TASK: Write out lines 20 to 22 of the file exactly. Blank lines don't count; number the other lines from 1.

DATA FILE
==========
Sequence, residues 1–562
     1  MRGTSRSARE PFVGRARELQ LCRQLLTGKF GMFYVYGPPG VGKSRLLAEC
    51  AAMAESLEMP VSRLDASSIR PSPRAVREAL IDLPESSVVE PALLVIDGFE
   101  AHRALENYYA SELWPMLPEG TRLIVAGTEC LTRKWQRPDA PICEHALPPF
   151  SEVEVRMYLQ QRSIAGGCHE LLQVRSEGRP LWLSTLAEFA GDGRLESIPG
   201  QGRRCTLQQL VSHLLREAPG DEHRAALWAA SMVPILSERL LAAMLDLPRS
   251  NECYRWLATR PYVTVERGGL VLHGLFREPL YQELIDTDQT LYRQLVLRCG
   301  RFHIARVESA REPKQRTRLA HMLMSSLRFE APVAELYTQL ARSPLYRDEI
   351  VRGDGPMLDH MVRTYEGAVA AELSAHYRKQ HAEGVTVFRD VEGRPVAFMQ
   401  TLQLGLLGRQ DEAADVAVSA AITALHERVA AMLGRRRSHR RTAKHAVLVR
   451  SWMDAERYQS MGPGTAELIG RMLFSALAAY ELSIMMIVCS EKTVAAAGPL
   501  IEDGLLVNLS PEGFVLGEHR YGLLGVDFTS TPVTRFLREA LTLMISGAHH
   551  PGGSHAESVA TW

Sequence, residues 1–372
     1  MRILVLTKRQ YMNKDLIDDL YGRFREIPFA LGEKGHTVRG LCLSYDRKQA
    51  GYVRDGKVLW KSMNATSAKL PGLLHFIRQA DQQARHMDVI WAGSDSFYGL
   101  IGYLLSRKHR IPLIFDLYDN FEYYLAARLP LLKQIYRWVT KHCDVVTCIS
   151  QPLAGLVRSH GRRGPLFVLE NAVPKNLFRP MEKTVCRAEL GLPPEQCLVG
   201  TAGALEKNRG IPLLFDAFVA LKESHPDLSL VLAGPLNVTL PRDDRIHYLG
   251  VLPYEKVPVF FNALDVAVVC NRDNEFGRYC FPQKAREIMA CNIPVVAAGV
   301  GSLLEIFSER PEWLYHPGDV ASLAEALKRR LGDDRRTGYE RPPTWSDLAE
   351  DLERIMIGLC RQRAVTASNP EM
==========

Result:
   251  VLPYEKVPVF FNALDVAVVC NRDNEFGRYC FPQKAREIMA CNIPVVAAGV
   301  GSLLEIFSER PEWLYHPGDV ASLAEALKRR LGDDRRTGYE RPPTWSDLAE
   351  DLERIMIGLC RQRAVTASNP EM